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Introducing the ‘craft lady’

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Party time: Irene Richardson has been planning children’s craft parties for the past three years. The long-time educator and nanny is pictured here with soon-to-be two-year-old, Ella Kent (Photograph by Akil Simmons)

In certain circles, Irene Richardson is affectionately known as “the craft lady”.

For the past three years the long-time eductor and nanny has been hosting craft parties for children at private and corporate events throughout the Island.

Her secret weapon for keeping youngsters entertained for hours at a time? A hefty supply of coloured markers, glitter glue, pom-poms, stickers — and anything else you can think of.

“You name the type of craft and I can get it,” Ms Richardson said. “The children love it. They are happy while they’re creating and get to leave with something they’ve made on their own.”

Just seeing children using their imagination and flexing their creative muscle is rewarding for the 60-year-old.

“The children are like, ‘Oh wow!’; they run up to me or their parents and say, ‘Look at mine!’ We’ve had as much as 30 children participating in crafts at a time. They range from toddlers to preteens.”

She started collecting craft supplies for children in 2003.

She was running a popcorn stall at the Farmer’s Market and noticed there was nothing for children to do while their parents shopped.

“At the time I loved rock art, it was something basic and natural, so I just started collecting some rocks from the beach and gave that to them so they could paint or colour with markers,” she said.

“Parents were appreciative and wanted to give me money. I’d tell them it’s okay, but they started to buy my popcorn and would just give me a few extra dollars on top of that for entertaining their child.

“People would see us at the Farmer’s Market and say, ‘You need to do craft parties’. When I was first told that I had never really thought about it. I figured it would be hard, but they encouraged me, so I said, ‘Let’s do a party’.”

Her first official event was in 2012. Since then she’s also been hired to entertain little ones at corporate events.

“What happens is I bring everything with me when I show up,” Ms Richardson said.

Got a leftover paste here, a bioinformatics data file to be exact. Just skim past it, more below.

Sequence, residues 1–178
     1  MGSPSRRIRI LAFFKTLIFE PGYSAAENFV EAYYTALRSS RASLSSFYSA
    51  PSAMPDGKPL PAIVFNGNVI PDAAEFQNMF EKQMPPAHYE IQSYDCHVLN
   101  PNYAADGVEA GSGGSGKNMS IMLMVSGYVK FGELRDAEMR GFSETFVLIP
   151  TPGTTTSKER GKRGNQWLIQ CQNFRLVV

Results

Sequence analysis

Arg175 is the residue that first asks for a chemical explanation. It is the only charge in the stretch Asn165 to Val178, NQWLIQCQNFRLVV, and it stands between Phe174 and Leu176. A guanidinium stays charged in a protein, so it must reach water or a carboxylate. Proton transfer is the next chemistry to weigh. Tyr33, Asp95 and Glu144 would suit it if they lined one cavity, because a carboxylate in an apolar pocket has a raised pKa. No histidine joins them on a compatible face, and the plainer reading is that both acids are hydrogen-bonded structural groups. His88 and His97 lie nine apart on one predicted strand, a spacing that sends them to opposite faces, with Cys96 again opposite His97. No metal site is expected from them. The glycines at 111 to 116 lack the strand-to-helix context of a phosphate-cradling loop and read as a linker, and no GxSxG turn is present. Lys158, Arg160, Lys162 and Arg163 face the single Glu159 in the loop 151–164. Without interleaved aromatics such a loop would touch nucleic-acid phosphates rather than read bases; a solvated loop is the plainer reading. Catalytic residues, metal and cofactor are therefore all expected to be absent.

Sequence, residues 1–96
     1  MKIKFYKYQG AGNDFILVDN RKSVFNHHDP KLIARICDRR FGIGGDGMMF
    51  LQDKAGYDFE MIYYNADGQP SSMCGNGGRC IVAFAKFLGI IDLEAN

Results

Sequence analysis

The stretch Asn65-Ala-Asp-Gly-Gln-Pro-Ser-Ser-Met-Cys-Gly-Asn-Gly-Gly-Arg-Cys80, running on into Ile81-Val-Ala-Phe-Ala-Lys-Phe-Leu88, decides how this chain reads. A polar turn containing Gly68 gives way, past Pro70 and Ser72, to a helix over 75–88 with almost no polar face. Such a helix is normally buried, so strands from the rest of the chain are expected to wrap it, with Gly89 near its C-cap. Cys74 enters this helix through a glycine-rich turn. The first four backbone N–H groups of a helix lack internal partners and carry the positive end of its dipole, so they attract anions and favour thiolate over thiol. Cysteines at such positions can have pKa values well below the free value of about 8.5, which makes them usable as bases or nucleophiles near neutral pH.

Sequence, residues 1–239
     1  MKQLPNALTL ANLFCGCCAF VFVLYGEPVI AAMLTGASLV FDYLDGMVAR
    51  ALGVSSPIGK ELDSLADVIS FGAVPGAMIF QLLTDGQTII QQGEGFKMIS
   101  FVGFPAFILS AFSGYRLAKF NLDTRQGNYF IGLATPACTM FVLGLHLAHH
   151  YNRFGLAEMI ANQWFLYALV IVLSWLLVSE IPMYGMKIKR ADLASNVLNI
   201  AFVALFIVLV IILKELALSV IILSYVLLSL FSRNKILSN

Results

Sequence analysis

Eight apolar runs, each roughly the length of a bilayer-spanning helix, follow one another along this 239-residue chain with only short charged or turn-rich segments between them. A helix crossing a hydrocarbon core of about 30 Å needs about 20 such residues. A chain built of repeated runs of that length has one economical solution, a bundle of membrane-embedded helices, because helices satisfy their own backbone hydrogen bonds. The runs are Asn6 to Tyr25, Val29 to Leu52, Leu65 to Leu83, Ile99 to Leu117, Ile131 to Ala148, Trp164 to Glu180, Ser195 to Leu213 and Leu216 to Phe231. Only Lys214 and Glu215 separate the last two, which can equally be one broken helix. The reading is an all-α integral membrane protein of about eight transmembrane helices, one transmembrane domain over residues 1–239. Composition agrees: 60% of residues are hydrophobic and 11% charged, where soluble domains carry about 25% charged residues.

“It’s everything from Sharpies to paint, markers and glitter glue, so it’s not the loose kind that gets everywhere. Even the glue isn’t Elmer’s glue. We use glue dots so it’s a hands-on activity and there’s no mess.

“Children take what they want to decorate — be it a ceramic piggy bank, foam mask, wooden car or boat, Christmas decorations or picture frames — and then they colour and design it.”

Ms Richardson has been working with children since she was 18. Her first job was helping out at a nursery school, she later went on to nanny and taught at Purvis Primary for ten years.

In 1990 she gave up her day job so she could look after her own daughter, who was born significantly premature. Two years later she opened up her own home daycare.

“My grandmother cared for a senior couple who lived in Point Shares and my mom was kind of a carer and housekeeper as well, so I’ve been around people who are nurturing my whole life,” Ms Richardson said.

“Then when I was a teenager I needed a job one summer and saw a nursery school job advertised. Since I like children I just went for it.”

Since then she’s found joy in sharing her love for the arts with young people.

While at Purvis she bought three students art kits to help them build on their skills. She ran into one of those former students recently, they remembered her.

“One of the little girls, I met when her family was going through a hard time,” she said. “She was interested in art, but didn’t have access to all the tools she needed.

“Now she’s a student at Berkeley, but she remembered me and approached me recently to tell me she’d never forget me and how kind I was to her. That meant so much to me.”

Another plus about working with children is they’re like “little sponges” and are keen to learn new things.

The parties also force Ms Richardson to think outside the box. When she can’t find the supplies she needs and can’t manage a trip overseas before a big event, she makes her own.

“For an Easter party I did, I had to buy sheets of foam here and cut those into Easter eggs and hats for the children to decorate,” she said.

“As long as I have something planned for next Christmas I’m thinking ahead for the next year. I try to incorporate Bermuda themes into the activities as well. When I did a party for the boat parade I decided to make boats out of Bermuda cedar scraps I found.

“I guess that’s why some people call me the craft lady. I think the name is great. I see it as a compliment.”

• E-mail irich22@gmail.com or call 595-3031.

Sharing a love of art: Irene Richardson has been planning children’s craft parties for the past three years. The long-time educator and nanny is pictured here with soon-to-be two-year-old, Ella Kent (Photograph by Akil Simmons)
Secret weapons: Irene Richardson says a supply of coloured markers, glitter glue and stickers are vital for keeping youngsters entertained (Photograph by Akil Simmons)